The Wisconsin DNR's 2015 Water Utilities Report, In Context
On July 29, the Wisconsin Department of Natural Resources released its 2015 report on the state's public drinking water utilities detailing information about costs, contaminants and infrastructure status. Overall, the report offers a positive assessment of the drinking water sources that about three-quarters of Wisconsinites rely upon.
Coliform bacteria, nitrates, and radium remain the most widespread contaminants, but 94.6 percent of municipal water samples tested in 2015 met the health standards the DNR enforces under the federal Safe Drinking Water Act. Other details in the report include statewide numbers on contaminant testing and compliance violations, a summary of enforcement actions the DNR took during 2015, and information about loans provided for water utility improvements.
Drinking water, its sourcing and threats to its quality is very complex and the issue is not getting simpler anytime soon. For Wisconsinites skimming or reading the state's 23-page report, additional background about drinking water will help put it in perspective and aid in better understanding about what comes out of the tap.
This report isn't a complete picture of Wisconsinites' drinking water.
The DNR report covers people get their water from a utility, but one-quarter of Wisconsin's population — nearly one million households — relies on private wells for drinking water. Utilities must comply with state and federal regulations, whereas there are very few rules for private wells following their construction. Private well owners bear the responsibility for making sure their water is safe, without the personnel and revenue a public utility may have for treatment and monitoring.
In a given area, the quality of well and utility water might be very different. For instance, public water utilities in Kewaunee County reported no detections of coliform bacteria in 2015, even though this type of contamination is a widespread problem in its private wells. This is likely because the area has relatively few public utilities, and those utilities disinfect their water. The Wisconsin Well Water Quality Viewer, developed by researchers at the Center for Watershed Science and Eductaion, is a good place to learn more about well water contamination across the state.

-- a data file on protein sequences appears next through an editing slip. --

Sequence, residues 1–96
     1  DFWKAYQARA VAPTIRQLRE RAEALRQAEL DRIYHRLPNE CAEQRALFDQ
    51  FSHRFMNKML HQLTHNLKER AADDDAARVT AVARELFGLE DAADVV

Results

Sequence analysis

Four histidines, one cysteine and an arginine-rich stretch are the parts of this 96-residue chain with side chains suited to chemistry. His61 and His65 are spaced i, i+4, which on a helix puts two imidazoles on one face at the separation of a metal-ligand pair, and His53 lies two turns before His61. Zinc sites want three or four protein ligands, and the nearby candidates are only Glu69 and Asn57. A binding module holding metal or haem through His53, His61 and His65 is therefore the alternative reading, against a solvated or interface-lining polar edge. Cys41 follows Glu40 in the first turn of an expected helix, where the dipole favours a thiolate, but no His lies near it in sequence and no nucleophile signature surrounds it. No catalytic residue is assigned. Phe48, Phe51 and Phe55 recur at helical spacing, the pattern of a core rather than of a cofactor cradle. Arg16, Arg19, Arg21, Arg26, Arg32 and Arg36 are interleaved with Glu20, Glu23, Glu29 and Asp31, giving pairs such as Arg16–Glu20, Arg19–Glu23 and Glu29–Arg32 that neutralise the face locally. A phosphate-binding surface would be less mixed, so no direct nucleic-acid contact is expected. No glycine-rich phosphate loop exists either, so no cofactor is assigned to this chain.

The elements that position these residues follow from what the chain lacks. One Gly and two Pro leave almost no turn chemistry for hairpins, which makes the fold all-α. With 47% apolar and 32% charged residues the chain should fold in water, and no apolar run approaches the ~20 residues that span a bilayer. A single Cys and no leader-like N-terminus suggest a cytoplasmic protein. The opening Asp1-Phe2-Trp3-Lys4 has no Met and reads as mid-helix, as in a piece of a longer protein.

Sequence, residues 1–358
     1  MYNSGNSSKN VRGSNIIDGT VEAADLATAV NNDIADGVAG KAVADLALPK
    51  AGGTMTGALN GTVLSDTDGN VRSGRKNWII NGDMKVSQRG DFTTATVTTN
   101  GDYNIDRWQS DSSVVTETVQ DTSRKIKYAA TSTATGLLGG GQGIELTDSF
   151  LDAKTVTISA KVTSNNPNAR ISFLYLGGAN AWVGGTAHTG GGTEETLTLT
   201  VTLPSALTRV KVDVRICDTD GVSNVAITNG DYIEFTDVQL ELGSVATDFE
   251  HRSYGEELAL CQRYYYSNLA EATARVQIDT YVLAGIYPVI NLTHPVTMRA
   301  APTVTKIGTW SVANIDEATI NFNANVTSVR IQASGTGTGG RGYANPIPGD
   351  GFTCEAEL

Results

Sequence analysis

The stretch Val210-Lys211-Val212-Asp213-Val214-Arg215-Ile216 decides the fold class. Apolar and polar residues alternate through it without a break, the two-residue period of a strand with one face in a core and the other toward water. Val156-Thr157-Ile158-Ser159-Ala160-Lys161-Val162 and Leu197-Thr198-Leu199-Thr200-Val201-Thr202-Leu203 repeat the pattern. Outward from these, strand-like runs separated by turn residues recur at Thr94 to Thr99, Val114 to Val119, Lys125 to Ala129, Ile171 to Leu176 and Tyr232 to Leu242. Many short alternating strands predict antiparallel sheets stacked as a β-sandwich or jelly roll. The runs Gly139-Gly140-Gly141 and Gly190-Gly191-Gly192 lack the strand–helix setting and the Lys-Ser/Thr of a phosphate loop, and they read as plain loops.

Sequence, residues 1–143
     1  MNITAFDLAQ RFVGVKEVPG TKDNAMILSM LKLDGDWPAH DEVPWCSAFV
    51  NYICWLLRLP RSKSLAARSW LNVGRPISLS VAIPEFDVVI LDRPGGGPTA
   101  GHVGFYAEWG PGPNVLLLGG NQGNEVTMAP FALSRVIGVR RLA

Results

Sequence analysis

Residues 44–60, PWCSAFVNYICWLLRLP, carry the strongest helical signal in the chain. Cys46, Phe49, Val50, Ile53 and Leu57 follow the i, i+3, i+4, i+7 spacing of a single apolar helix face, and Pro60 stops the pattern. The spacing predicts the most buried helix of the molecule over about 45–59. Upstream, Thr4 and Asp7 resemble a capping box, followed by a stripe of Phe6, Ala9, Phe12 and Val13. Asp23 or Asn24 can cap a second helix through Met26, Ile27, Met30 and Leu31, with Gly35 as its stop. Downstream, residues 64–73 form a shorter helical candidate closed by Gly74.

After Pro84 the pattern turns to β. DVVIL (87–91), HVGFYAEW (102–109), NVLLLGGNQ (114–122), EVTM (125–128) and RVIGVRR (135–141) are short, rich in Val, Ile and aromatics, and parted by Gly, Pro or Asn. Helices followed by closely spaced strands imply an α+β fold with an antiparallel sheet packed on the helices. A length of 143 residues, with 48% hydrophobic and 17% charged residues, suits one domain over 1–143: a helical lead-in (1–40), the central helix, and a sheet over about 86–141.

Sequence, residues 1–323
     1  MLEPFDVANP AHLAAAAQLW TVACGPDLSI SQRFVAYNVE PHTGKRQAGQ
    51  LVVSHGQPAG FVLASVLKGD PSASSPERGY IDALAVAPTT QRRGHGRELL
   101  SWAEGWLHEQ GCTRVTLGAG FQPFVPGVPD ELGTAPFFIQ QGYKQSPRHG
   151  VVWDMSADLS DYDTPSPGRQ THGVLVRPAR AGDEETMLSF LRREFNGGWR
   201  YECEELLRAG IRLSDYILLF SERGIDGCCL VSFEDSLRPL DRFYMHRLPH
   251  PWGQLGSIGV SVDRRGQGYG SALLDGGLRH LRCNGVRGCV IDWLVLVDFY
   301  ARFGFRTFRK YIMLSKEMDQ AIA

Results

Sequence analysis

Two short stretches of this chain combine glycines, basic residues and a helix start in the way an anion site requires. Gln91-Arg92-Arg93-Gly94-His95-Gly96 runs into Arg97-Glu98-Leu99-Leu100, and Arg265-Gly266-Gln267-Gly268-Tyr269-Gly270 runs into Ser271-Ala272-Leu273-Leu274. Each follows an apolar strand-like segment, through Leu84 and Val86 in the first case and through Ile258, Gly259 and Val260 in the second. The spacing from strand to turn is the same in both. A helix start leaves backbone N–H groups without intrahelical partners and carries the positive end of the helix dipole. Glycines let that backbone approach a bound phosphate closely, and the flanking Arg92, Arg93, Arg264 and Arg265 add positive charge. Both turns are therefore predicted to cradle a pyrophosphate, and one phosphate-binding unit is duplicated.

Most Wisconsinites drink groundwater, not lake water.
Wisconsin may border two of the Great Lakes, but those are not the state’s primary source of water. Eastern Wisconsin's heavily populated areas draw surface water from Lake Michigan and a few thousand people in northern counties (though fewer than one might assume) drink Lake Superior water. But the majority of drinking water in Wisconsin is sourced from groundwater wells, mostly because the state is rich in that resource. The DNR's report indicates public water utilities pumped 82,793,173,044 gallons from Lake Michigan and Lake Superior in 2015 versus 95,148,910,360 gallons of groundwater.
Drinking water problems vary greatly from one locality to another, and even one well to another. So do utilities' treatment practices.
As geology and human activities change from place to place, so do the contaminants that might be found in water supplies. Large areas of eastern and western Wisconsin have a karst geology in which groundwater can be particularly vulnerable to contaminants running off from farms and roads. Other parts of the state contend with natural deposits of dangerous chemicals like arsenic and radium — the latter being one reason that the city of Waukesha sought and successfully acquired access to Lake Michigan's water through the Great Lakes Compact.
Regulations also address surface water and groundwater in different ways. One very important difference is that utilities using surface water must disinfect their water — systems using groundwater don't have this requirement, unless bacteria have been detected in testing. The vast majority of Wisconsin utilities that source groundwater still choose to disinfect. However, because of inherent differences in drinking water sources, and because of the discretion regulations give local utilities, treatment practices are all over the map.
While the DNR's report covers contaminants on a statewide level, problems with drinking-water quality are often intensely local, from bacteria in northeastern Wisconsin to industrial chemicals in Sauk County. Drinking water in the U.S. has been made safer over the last century: Public-health professionals generally consider the rise of disinfection, corrosion control, and other treatment practices to be triumphs that have saved thousands of lives. But the report doesn't offer a geographic analysis of contamination, which makes it more difficult to understand what’s happening specific places with problems, despite broader improvements in water quality.